Packer, 2011

Personalised education and co-operation – Connections

Peter Humphreys, p. 52

Humphreys, 2011

Co-operation provides opportunities for all - the Reddish Vale Co-operative School a view from a learner

Ashley Simpson, p. 56

Simpson, 2011

Co-operative Schools in the UK

Julie Thorpe, pp. 57-62

An overview of recent developments in the application of a co-operative values-driven approach to the ethos, governance, curriculum and pedagogy of a growing number of schools across England (150+, primary and secondary). What are the threats and opportunities for co-operative schools in a marketised state education system?

Thorpe, 2011

A Personal Reflection on the Transformative Power of Co-operative Approaches

Lee Taylor, pp. 63-65, 67-69

Making a contribution to education – The Midcounties Co-operative Society

Maxine Sharman, p. 66

Sharman, 2011

Making co-operators: Co-operative education for the 21st century

Linda Shaw, p. 70

Shaw, 2011

Leading Learning in a Co-operative Academy

Sarah Jones, pp. 71-76

Co-operative strategies and inclusion

Bill Sadler, pp. 71-80, 82-83

Sadler, 2011

NEET solutions -using co-operative values to re-engage the disillusioned and disaffected learner

John Holland, pp. 78-79

Holland, 2011

The drama teacher and co-operative learning methods

Simon Davey, pp. 81

Davey, 2011

Co-operating for change: Learning through co-operative approaches to survive and thrive in a time of change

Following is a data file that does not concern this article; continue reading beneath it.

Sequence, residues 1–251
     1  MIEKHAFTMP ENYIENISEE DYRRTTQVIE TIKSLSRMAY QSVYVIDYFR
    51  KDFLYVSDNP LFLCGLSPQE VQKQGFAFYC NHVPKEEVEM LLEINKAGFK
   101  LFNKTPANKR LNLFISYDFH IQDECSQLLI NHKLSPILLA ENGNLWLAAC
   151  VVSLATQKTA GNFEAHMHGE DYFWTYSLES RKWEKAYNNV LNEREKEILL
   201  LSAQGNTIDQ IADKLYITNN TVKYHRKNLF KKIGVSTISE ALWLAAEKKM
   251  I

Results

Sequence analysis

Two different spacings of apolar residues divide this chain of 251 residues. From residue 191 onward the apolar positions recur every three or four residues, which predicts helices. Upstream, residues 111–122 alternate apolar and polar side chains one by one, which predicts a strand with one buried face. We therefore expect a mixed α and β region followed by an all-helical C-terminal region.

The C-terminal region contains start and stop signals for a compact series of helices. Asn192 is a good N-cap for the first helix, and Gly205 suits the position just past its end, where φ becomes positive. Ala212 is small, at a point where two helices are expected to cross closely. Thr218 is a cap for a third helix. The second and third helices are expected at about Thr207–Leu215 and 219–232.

Rob Bowden, pp. 85, 87-88, 90

Bowden, 2011

Exploring my co-operative motivation

Peter Duncan, p. 86

Duncan, 2011

Finding voices, creating change: Community arts as a model of co-operative learning

Mark Webster, p. 89

Webster, 2011

Finding ourselves again? The Worker’s Educational Association and the Co-operative Movement

Nigel Todd, pp. 91-95

Todd, 2011

Learning through co-operation

Owen Sedgewick-Jell, p. 92

Sedgewick-Jell, 2011

Starting from the roots in Woodcraft

Jessica Finn, p. 96

Finn, 2011

Co-operative study and e-learning: Lessons from Nova Scotia 

Diarmuid McDonnell, pp. 97-103

McDonnell, 2011

Personal reflection: Learning co-operatively through networks

Jan Myers, p. 104

Myers, 2011

Teaching about co-operatives in a UK University Business School 

Nick Matthews, pp. 105-108

Matthews, 2011

Book Reviews

Co-operative learning in the classroom – Putting it in to practice. By Wendy Joliffe.

Reviewed by Lee Taylor, p. 109

Kagan co-operative learning. By Spencer Kagan and Miguel Kagan.

Reviewed by Lee Taylor, p. 110

Co-operative learning: Integrating theory and practice. By Robyn M. Gillies.

Reviewed by Mark Latus, p. 111

Participation – Spice it up! Practical tools for engaging children and young people in planning and consultation. By Carol Shephard and Phil Treseder.

Reviewed by Martha Harding, p. 112

Reviews, 2011
UK Society for Co-operative Studies is registered in England and Wales as a charitable incorporated organisation Number 1175295. Our registered office is Holyoake House, Hanover Street, Manchester, M60 0AS.